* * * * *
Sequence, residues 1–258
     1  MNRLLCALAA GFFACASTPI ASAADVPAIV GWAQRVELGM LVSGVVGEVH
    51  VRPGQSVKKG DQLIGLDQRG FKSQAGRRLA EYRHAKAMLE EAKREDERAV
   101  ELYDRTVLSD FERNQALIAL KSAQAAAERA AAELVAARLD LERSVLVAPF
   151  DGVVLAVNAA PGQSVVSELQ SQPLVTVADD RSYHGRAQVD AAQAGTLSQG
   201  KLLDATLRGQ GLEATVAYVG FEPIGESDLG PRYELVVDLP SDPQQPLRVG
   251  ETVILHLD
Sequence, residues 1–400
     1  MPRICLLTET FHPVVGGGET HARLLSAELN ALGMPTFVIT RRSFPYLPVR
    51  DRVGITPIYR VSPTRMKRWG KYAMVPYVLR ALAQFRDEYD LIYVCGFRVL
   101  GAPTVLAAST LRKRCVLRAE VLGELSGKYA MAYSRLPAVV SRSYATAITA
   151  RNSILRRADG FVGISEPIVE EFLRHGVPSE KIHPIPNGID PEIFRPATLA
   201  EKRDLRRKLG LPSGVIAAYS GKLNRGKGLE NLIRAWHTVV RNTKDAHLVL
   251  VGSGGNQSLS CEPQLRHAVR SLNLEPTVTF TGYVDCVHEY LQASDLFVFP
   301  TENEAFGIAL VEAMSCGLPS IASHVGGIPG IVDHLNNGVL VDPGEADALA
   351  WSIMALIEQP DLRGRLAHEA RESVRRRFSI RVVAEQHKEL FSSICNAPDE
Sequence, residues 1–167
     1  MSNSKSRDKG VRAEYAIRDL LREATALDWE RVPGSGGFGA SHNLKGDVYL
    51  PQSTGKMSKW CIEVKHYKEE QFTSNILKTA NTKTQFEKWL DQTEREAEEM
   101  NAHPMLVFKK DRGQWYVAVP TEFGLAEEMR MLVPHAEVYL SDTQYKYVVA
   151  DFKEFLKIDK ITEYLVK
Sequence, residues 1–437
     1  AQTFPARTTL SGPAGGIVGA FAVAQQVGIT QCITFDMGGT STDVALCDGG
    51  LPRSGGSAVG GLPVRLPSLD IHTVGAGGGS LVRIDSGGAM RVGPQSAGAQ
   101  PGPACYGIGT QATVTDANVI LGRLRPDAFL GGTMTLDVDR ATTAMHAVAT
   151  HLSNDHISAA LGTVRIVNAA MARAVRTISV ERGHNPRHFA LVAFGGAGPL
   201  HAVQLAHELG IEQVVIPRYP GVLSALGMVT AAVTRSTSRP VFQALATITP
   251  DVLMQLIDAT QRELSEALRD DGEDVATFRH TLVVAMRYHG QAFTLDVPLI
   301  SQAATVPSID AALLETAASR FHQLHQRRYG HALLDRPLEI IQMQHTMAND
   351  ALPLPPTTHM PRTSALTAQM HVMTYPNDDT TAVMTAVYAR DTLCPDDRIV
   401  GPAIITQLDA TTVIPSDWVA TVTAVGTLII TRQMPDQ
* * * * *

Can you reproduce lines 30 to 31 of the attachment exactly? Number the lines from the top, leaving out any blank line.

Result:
   351  ALPLPPTTHM PRTSALTAQM HVMTYPNDDT TAVMTAVYAR DTLCPDDRIV
   401  GPAIITQLDA TTVIPSDWVA TVTAVGTLII TRQMPDQ